Get Real! Developing Curricula that Respond to Women's Lives

by Marie Barton
To have a voice is to be human. To have something to say is to be a person.
(Carol Gilligan, 1993)

Education and
have required
women and
children living
with violence
to deny their

Three years ago, I was privileged to be a teacher of adults and the facilitator of a research project that changed my perception of education. Today, as vice-principal in an elementary school, I am in a position to share some of the insights I gained from my adult students. I can also implement recommendations formulated by these courageous women. Finding their voice empowered my students; listening to their message empowers all of us.

The story begins with a request from several of the women at our adult education centre that I organize a credit course on Personal Life Management that would acknowledge their experiences with violence. Only then, they insisted, would such a course be honest and meaningful for them. Only then would the skills taught by the standard course be "learnable" by women whose reality is defined by violence.

By reserving the centre for this class only, one night a week, I was able to create an environment that encouraged trust and sharing. I felt comfortable with the design we created for the program because my background includes social work training, work in crisis centers and personal counselling as well as teacher training. The students seemed to trust my ability to help them with their emotions. One woman said, "I know when I get unraveled, you're there to knit me back up before I go home." My professional caution, however, alerted me to the problems that might lie ahead for the group if I were not up to the task. I arranged for the support of a counsellor from the area's crisis centre. Initially this woman was a co-leader and gradually she withdrew to an on-call support role, available if needed.

The clear message my students gave me was that education and educators have required them as children growing up in violent homes, as teens involved in relationship abuse, as victims of incest, as child-viewers of pornography, as battered wives to deny their reality. For some participants, our course offered the first opportunity to make education truly meaningful. We began by addressing power imbalance and the vulnerability of children and women in our society; we moved through personal and political analyses and we grew into awareness, assertiveness and self-confidence.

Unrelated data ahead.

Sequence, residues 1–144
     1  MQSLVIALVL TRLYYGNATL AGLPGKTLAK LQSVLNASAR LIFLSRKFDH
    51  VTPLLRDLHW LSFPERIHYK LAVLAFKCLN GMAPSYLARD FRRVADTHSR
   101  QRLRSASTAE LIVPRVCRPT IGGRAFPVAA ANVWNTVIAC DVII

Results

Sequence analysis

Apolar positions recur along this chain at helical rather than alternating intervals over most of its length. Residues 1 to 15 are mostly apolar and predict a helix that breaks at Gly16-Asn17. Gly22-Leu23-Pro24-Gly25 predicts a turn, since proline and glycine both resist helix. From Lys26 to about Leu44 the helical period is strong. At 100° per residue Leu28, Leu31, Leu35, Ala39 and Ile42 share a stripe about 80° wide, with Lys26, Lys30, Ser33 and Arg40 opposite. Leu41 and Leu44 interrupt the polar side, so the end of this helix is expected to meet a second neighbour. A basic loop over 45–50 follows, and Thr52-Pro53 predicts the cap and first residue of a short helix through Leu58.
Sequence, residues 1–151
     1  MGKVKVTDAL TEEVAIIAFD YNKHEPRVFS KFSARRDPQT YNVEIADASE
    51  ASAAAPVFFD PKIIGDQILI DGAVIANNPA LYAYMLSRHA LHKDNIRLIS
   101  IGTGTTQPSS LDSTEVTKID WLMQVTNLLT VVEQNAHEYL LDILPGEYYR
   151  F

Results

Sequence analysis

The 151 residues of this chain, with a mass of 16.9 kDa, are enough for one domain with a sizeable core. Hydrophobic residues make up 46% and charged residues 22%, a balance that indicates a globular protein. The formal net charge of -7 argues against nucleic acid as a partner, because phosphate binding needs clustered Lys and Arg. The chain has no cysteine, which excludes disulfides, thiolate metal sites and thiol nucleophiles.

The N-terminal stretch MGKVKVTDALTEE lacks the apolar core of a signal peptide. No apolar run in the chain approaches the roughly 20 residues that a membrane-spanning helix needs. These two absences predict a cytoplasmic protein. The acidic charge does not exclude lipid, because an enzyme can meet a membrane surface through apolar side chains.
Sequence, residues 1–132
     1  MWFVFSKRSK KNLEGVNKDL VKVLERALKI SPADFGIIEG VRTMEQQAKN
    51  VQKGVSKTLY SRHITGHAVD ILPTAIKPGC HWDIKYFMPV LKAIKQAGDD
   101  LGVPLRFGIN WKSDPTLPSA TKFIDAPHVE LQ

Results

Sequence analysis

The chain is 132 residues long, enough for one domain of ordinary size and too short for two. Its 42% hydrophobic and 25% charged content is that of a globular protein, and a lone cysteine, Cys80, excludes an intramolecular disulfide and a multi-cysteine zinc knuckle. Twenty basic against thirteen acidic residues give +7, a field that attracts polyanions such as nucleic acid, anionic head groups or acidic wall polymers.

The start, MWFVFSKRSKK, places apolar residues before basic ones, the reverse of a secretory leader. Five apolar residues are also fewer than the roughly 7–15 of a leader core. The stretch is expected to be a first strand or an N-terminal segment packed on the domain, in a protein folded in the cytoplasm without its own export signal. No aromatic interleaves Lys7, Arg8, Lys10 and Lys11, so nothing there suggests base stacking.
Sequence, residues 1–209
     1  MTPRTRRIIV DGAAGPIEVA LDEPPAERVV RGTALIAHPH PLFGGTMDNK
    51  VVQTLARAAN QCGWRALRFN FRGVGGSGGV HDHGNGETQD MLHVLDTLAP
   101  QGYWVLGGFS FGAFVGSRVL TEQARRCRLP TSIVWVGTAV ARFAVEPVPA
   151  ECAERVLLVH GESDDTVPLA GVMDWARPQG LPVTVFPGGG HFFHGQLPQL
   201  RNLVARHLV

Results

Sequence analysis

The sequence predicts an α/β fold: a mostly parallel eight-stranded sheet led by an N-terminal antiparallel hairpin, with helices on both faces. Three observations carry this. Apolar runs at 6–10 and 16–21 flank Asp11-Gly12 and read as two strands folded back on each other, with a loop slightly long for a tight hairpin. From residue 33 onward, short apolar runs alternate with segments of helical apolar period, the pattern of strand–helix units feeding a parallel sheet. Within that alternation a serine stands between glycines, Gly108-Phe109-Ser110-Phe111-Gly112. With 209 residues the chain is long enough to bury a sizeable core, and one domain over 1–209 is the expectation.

Un peu de sérieux! Élaborons des programmes d'études qui tiennent compte de la violence
par Marie Barton

Il y a trois ans, à la demande de quelques femmes qui fréquentaient un centre d'éducation aux adultes, j'ai organisé un cours sur la dynamique de la vie, qui tenait compte de la violence. À partir de ce cours, nous avons élaboré à l'intention du personnel enseignant et du système d'éducation une liste de stratégies relative au problème de la violence faite aux enfants.

Nous traitons dans cet article trois des recommandations faites. La première: avoir des cours obligatoires dans le cadre de la formation des enseignants et enseignantes sur la façon de reconnaître la douleur des enfants qui viennent d'un milieu violent. L'éducation, si elle veut être éloquente et habilitant, doit admettre que tous les enfants souffrent quelquefois, mais beaucoup trop souffrent tout le temps. La deuxième: avoir des contacts réguliers avec le personnel pendant toute la scolarité. En vertu du système actuel, les enfants sont obligés de changer de salle ou d'enseignant, au moment même où ils commencent à se sentir peut-être un peu plus en confiance. La troisième: inclure des cours d'études féminines au cycle secondaire. Les femmes qui assistaient à mon cours n'avaient pas jusque-là eu l'occasion d'analyser ou de découvrir ce qui leur était arrivé, pas plus qu'elles n'avaient eu la chance de se sentir bien en tant que femmes ou jeunes filles. Les femmes et les enfants doivent suivre des programmes d'études qui correspondent à leur existence. En ma qualité d'éducatrice, j'estime que nous leur devons au moins ça.

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